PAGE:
Addiction and fatigue vs creative thinking prowess: Where this candle stands on the gaming debate

You’ll find a bunch of researchers who will say that playing computer games causes kids to become addicted. That they turn children into zombies and perpetuate violence. Makes them less fit and more anti-social. In general, that they are evil.

But you will find just as many who refute these allegations and claim that time spent playing computer games – with what Beach & O’Brien (2008) refer to as “constant connection and stimulation” (p 778)- in fact could be used as therapy for mental disorders and to slow the aging process.  Still more contend that games promote problem-solving and creativity. Others assert that the skills gamers learn through this mode can be transferred into various other learning areas.

And I’m sure we can all attest to their magical powers of engagement.

So, where do I stand? Well let’s start with what I’ve seen…..


Video Game Glee by Evan Long on Flickr under CC BY-NC 2.0

I’ve seen boys who can’t do Maths on a test, can’t do it with concrete materials, can’t give their peer an answer if asked aloud. But those same boys can do that same Maths when they encounter it in the form of a puzzle within a game. And shouldn’t that be just as legitimate?

I’ve seen girls who were taught metaphors struggle to identify them and use them in their writing. Despite teachers giving them example after example, heavily contextualised. I’ve seen those same girls complete online interactive “game-like” tasks and become metaphor experts within minutes.

I’ve seen apathetic older boys show absolutely no interest in learning, until they were given their own digital tablet, a keyboard, and a mouse.

I’ve seen the eyes of children diagnosed with an ASD light up when the iPad text-to-speech app talks for them, causing their anxiety to melt away.

And I’ve seen candles around the world harness this learning modality by consuming themselves to create games that teach knowledge, skills and attitudes in an entirely unique way. Ways that would have made their predecessors- at least, those who weren’t inherently anti-gaming or too rigid to change (read my post about this topic here) – turn green with envy.  And I’ve used those games in my classroom, and applauded their creators, who “got it.”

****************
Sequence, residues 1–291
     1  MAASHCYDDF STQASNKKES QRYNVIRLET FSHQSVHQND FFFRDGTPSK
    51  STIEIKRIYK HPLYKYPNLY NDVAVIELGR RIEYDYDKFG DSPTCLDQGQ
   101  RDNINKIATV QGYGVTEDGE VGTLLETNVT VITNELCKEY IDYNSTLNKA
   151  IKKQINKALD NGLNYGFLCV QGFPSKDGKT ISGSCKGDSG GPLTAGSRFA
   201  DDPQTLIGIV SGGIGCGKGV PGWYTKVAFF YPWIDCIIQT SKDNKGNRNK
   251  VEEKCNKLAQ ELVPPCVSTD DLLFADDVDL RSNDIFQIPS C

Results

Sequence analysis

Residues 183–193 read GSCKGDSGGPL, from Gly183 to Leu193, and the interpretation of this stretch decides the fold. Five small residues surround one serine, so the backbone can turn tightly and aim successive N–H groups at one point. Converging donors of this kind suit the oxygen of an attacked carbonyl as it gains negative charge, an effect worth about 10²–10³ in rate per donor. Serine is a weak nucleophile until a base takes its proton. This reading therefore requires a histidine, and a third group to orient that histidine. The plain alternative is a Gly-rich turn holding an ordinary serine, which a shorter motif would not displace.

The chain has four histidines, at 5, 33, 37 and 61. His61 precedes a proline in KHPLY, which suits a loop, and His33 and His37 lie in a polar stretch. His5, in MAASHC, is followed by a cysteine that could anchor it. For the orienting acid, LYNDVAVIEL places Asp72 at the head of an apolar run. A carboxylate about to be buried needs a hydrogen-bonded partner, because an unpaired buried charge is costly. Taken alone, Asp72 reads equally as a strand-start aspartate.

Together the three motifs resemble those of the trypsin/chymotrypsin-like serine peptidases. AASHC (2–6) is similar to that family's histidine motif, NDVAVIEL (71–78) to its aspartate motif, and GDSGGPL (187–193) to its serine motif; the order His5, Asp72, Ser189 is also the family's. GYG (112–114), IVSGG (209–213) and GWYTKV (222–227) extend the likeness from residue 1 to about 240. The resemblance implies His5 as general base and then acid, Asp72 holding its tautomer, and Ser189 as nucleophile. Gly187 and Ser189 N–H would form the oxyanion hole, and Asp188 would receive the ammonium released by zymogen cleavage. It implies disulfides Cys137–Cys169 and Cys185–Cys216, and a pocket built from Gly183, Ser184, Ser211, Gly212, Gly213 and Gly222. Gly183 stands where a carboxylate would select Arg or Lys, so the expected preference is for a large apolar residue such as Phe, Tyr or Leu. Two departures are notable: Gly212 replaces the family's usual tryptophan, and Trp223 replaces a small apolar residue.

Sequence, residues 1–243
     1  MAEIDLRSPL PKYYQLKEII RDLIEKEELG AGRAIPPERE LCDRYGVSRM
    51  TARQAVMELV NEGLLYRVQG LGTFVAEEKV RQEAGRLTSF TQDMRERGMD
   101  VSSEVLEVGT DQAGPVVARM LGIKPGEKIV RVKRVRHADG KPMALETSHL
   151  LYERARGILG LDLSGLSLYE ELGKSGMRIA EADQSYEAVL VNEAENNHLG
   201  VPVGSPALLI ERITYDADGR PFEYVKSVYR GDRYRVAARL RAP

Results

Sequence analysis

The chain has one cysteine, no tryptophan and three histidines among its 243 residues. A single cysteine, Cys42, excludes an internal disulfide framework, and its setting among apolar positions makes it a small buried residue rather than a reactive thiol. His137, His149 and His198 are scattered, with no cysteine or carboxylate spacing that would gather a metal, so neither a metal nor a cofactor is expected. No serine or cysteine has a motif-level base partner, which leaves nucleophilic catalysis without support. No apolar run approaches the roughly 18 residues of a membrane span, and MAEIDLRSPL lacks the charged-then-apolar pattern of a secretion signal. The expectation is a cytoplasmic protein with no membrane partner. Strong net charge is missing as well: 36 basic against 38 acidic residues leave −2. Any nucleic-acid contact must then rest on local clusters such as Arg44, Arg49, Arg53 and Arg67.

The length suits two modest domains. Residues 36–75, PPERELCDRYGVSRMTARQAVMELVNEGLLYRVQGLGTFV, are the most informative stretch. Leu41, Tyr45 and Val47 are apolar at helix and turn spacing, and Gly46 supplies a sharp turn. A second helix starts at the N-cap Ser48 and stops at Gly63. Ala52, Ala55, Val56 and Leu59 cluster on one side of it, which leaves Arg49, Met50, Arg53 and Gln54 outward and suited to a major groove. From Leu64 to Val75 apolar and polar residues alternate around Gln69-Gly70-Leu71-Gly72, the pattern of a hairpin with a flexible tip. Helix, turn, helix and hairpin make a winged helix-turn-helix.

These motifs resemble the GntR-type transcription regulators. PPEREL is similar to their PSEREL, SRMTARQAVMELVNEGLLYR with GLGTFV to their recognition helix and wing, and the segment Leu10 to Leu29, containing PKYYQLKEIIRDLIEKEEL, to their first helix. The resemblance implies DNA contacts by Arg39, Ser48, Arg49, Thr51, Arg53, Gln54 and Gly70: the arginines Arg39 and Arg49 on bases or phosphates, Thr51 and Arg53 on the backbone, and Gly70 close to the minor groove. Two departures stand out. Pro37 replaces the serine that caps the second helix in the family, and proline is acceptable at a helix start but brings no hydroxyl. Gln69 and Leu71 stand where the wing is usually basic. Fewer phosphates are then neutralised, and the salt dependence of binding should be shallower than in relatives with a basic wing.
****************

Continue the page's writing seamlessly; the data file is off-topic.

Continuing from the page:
Jane McGonigal goes so far as to say that gaming can make a better world….

“Jane McGonigal: Gaming can make a better world”

Still not convinced? Look here for a whole bunch more convincing reasons to get your game on.

Now, I’m not saying throw out all the textbooks and buy everyone an Xbox. Teachers are not so easily replaced.

But I am saying- take a look at what games are available, and consider how they may fit your needs.

Because with games, you won’t ever have to worry about a kid falling asleep in your class. Or asking to go to sick bay, or to go to the toilet, or to get a drink. And I doubt that they will forget what they learnt as soon as they walk out of the room. Or answer that same question asked of them every day in the exact same way as the day before: “What did you do today?” “Nothing!”

The problem you may have instead is they may not realise they’re learning. Indeed, they may never want to leave your classroom again.